…mind your posture
So often, when people are on holiday and out of their normal routine, they can end up causing themselves unnecessary discomfort and stress by injuring themselves so taking note of these top holiday tips from the Chiropractors at Exeter Chiropractic Clinic is a good place to start.
With the holiday season well under way we have come up with some useful tips to help keep you pain free, functioning well and most of all safely while on holiday.
- Flying high – Avoid alcohol before and during the flight as this will cause you to dehydrate and, in turn, exaggerate muscle pain. Drink plenty of water instead.
- Air-exercise – You will be restricted to your seat for most of the flight, but avoid stiffness by doing shoulder shrugs, buttock clenches and foot circles. Take the opportunity to get up and stretch your legs whenever you can.
- Avoid ‘travellators’ – Get your joints moving quickly after a flight and walk to arrivals rather than the easy option of a moving walkway.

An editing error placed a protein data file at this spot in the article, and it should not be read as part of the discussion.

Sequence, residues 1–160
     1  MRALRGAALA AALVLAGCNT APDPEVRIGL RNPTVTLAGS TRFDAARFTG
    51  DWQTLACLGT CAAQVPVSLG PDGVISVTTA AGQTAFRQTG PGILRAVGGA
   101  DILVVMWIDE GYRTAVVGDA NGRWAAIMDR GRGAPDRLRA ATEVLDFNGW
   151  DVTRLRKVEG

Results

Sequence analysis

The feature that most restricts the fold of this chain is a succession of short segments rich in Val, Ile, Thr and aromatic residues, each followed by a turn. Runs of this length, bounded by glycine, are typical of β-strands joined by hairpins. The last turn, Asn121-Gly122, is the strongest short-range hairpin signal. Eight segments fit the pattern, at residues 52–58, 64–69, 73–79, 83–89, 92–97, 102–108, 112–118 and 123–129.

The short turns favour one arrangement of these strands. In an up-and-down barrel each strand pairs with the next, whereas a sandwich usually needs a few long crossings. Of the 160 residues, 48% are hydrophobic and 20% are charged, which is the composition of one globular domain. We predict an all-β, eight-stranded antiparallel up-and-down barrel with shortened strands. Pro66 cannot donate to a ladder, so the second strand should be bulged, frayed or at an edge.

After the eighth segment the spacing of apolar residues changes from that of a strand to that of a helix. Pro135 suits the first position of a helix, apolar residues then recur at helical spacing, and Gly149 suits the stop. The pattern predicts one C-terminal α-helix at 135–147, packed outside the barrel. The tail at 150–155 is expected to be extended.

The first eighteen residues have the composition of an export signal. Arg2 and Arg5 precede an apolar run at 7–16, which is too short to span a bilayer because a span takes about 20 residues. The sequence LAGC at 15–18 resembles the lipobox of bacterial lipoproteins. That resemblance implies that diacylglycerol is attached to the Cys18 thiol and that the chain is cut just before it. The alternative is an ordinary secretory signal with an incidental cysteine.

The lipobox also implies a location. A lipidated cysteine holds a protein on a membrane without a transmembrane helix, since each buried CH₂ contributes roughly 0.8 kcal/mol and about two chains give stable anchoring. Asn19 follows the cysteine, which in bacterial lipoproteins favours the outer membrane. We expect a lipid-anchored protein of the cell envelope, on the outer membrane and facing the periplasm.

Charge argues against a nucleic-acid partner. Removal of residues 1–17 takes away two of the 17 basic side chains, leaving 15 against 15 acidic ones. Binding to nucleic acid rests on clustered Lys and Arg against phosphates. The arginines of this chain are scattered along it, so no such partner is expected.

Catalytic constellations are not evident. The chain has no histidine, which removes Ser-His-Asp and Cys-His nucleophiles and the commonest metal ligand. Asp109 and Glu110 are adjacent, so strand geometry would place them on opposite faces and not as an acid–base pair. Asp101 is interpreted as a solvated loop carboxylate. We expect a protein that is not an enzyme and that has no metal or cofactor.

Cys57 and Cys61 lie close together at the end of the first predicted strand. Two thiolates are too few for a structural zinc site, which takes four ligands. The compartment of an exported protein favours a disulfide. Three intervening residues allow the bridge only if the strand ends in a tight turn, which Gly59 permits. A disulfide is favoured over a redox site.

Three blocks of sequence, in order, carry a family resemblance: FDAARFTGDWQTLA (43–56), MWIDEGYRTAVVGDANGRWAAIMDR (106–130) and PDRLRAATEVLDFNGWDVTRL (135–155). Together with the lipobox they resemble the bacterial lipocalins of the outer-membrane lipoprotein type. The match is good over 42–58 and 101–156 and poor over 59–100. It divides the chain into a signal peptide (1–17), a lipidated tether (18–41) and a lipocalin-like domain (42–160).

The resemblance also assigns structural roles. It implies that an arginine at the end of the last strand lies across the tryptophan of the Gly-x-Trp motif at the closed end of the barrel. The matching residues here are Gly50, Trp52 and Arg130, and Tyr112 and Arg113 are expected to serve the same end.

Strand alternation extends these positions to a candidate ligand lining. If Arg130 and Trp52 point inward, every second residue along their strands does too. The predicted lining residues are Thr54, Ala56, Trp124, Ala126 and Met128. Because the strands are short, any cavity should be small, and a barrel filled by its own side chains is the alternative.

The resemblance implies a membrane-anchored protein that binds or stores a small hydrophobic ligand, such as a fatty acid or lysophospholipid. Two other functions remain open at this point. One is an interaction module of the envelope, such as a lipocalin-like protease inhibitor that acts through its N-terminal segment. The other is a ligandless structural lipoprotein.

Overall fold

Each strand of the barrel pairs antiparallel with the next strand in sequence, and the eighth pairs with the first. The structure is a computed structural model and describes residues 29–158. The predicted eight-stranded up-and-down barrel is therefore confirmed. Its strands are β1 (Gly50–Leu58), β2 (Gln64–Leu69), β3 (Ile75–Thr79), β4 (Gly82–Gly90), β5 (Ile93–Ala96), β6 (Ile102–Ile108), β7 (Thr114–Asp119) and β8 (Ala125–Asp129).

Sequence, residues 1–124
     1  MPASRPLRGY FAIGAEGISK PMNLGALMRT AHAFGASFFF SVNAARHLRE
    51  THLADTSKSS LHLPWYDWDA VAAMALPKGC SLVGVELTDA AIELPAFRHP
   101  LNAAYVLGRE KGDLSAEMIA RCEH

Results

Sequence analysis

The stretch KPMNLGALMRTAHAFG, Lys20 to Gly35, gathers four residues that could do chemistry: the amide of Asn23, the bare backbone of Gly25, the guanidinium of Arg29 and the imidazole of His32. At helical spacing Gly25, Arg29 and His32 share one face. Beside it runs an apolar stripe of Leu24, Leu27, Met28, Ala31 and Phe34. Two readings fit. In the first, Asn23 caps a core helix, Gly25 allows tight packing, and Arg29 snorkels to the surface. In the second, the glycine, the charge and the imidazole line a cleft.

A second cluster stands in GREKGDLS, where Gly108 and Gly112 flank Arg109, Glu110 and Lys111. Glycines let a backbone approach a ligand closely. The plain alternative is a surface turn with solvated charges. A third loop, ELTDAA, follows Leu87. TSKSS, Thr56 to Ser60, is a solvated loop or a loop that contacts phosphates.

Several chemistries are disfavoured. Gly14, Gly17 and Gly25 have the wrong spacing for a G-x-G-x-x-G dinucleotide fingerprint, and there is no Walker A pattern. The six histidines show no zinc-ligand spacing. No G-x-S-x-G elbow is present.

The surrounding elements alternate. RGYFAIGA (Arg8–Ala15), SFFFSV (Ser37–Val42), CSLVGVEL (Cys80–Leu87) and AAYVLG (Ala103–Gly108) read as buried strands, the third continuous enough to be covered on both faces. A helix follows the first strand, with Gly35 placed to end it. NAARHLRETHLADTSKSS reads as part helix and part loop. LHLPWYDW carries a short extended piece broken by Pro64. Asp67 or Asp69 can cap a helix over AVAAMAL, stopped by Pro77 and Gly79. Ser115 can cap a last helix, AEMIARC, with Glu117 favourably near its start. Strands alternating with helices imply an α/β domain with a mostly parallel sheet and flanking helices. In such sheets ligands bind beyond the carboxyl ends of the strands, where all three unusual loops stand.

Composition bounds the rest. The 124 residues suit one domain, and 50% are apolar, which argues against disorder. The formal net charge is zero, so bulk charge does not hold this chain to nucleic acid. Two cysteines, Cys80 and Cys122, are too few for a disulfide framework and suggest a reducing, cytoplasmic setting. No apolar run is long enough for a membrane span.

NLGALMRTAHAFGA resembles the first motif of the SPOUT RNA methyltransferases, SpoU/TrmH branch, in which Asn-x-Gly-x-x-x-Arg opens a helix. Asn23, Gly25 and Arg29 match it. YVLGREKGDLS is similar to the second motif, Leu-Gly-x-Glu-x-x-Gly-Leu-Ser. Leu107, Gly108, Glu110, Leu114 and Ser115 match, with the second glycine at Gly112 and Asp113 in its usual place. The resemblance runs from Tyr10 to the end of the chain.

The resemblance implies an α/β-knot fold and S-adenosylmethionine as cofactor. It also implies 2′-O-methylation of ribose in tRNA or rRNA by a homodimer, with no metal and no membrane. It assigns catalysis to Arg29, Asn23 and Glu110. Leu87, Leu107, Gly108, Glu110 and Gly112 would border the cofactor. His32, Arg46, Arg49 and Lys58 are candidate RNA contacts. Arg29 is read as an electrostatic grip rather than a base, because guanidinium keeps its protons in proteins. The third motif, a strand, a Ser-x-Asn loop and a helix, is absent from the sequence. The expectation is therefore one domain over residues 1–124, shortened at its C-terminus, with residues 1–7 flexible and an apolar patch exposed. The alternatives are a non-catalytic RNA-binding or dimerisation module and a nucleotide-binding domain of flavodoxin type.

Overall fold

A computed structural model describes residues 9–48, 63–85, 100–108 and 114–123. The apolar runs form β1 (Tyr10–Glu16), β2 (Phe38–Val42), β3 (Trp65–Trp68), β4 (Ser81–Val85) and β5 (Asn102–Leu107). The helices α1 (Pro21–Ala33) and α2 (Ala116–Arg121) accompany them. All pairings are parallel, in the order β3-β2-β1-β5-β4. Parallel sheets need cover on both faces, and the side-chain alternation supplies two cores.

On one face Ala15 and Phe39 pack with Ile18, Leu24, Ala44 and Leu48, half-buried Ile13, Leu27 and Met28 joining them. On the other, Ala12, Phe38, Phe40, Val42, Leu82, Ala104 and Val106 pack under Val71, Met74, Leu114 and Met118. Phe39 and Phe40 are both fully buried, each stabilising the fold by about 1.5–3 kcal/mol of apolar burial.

- Bag Identification – Ensure your bags are easily identifiable (e.g. knot a ribbon around the handle) to avoid lifting other people’s heavy cases in error.
- Push, don’t pull! – Many wheeled cases encourage you to pull the case handle from behind, but this makes the upper body/back twist. If possible, push the case in front of you or use a trolley making sure you choose one from the stack which does not have ‘wonky wheels’, as keeping it on track will not do your back any good!
- Bed down – When you get to your hotel, if your bed is too hard ask the hotel staff for a spare duvet or blanket to put between you and the mattress. Firm beds are not always best, but it is easier to soften a hard bed than make a soft bed harder.
- Lounging around – If you’re heading to the sun loungers in search of the perfect tan, try not to lie on your tummy with your back and neck arched back when reading your book or magazine. Put the reading matter on the floor, so that you can view it over the edge of the sun bed; this should allow you to keep your head and neck in a more neutral position.